Film reviews: John Carter | A Man’s Story | Trishna | House of Tolerance

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John Carter (12A) ***

Andrew Stanton (WALL-E) combines live action and motion capture in this adventure fantasy based on the Edgar Rice Burroughs novels. Taylor Kitsch plays the Civil War soldier abruptly transported to Mars, Willem Dafoe is a tusked praying mantis warrior and Lynn Collins is a bikini-wearing princess (tusk-free). Lavish and lengthy, it has the spectacle and spirit of a Saturday matinee movie but not its fleetness or fun.

On general release from Friday

A Man’s Story (15) ***

There’s no mistaking Ozwald Boateng’s suits, as immaculately good-looking and colourful as the British designer himself. For 12 years, filmmaker Varon Bonicos has trailed Boeteng’s triumphs in America and his failure to hold together his marriage to Russian model Gyunel.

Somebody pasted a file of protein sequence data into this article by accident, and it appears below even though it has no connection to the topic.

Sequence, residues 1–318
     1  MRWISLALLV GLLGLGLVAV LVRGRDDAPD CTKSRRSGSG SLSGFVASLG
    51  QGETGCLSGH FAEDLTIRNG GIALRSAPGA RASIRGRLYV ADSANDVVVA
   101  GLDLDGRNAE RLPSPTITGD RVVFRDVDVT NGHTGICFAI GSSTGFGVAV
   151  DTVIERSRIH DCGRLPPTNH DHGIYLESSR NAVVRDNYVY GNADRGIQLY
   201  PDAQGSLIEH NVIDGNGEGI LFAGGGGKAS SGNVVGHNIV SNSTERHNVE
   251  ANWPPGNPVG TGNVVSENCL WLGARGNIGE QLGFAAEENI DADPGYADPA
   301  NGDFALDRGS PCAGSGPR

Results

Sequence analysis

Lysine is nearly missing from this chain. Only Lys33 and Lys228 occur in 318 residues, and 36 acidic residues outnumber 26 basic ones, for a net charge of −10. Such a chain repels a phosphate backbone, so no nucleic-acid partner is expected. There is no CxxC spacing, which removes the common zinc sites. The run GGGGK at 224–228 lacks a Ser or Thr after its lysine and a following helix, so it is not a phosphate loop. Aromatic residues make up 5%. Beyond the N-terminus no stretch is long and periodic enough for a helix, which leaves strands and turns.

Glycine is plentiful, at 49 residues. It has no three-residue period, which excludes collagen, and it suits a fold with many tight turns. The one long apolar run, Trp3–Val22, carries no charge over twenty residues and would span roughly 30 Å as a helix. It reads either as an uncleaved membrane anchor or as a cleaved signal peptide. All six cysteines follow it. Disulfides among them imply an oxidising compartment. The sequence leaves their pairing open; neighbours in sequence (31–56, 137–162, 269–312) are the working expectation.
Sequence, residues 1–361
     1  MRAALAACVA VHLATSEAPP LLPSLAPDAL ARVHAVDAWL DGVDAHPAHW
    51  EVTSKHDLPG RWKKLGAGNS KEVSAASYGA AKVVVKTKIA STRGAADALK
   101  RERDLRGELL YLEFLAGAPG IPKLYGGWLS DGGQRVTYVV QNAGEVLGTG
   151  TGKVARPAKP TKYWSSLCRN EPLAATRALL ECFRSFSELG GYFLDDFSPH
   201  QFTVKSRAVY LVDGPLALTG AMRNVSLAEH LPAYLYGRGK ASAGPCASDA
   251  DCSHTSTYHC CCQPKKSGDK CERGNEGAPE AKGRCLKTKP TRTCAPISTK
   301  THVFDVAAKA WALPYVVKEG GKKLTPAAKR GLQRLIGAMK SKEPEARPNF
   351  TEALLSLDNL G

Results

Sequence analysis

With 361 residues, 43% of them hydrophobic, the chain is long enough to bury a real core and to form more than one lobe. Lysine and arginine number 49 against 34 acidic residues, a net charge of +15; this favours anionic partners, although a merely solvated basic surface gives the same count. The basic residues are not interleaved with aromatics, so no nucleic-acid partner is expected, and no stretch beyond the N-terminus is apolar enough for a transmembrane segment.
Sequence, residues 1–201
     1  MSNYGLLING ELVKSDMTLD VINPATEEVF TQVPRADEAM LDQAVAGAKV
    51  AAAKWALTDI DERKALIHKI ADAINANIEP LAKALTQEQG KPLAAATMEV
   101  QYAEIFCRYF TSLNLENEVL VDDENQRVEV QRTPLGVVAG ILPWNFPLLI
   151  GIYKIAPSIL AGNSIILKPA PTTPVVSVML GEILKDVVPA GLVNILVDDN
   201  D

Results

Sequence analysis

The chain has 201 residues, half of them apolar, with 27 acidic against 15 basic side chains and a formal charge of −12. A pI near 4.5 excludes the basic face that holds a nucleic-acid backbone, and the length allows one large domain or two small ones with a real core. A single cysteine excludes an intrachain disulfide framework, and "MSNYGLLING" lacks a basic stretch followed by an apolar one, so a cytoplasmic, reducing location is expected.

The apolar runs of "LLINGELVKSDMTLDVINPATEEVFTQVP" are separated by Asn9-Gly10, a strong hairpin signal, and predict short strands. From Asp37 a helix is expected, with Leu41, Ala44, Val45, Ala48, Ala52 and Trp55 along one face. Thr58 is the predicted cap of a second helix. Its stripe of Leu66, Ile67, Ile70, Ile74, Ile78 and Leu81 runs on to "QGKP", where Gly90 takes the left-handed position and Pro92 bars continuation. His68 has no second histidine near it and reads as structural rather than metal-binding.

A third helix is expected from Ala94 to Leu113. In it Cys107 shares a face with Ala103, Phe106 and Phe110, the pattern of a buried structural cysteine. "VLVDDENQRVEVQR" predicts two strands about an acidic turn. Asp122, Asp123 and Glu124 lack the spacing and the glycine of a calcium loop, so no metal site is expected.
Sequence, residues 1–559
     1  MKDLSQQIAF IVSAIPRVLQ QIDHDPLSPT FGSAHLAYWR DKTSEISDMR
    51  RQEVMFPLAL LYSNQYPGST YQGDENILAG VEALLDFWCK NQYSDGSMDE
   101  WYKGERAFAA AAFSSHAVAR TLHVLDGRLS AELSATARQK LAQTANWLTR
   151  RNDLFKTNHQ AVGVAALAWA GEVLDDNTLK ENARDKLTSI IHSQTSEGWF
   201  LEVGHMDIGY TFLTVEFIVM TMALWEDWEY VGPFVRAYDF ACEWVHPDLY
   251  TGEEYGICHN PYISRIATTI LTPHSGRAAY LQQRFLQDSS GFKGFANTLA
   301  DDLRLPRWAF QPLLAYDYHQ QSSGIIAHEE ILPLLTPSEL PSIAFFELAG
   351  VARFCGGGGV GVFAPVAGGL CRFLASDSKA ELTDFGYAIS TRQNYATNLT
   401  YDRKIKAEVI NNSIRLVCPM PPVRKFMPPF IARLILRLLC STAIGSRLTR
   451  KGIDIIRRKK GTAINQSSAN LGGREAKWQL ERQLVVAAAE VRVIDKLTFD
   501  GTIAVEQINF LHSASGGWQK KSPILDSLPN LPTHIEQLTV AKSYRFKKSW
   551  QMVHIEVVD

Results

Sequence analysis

Boateng is ebullient, assertive and adored by celebrities. In one matey exchange, the designer offers to make Prince Charles a suit, without “rude words” in the lining à la Alexander McQueen. There’s much to enjoy here, even if the documentary fails to unclothe the kind of striking fashionista insights that made The September Issue so compelling.

On selected release from Friday, including Glasgow Film Theatre, from 25 March

Trishna (15) ***

Freida Pinto plays a latterday Tess of the D’Urbervilles relocated by Michael Winterbottom to a modern Indian setting, where she’s a hotel worker who attracts Riz Ahmed’s wealthy playboy. It’s absorbing, but both leads are out of their depth when the film moves on to darker themes.

Glasgow Film Theatre from Friday, Dundee Contemporary Arts from 16 March

House Of Tolerance (18) ***

Sex work at a Paris brothel in 1900 is given a languorous, claustrophobic treatment by writer/director Bertrand Bonello. There’s plenty of flesh on display but the stories are far from erotic.

Filmhouse, Edinburgh, from Friday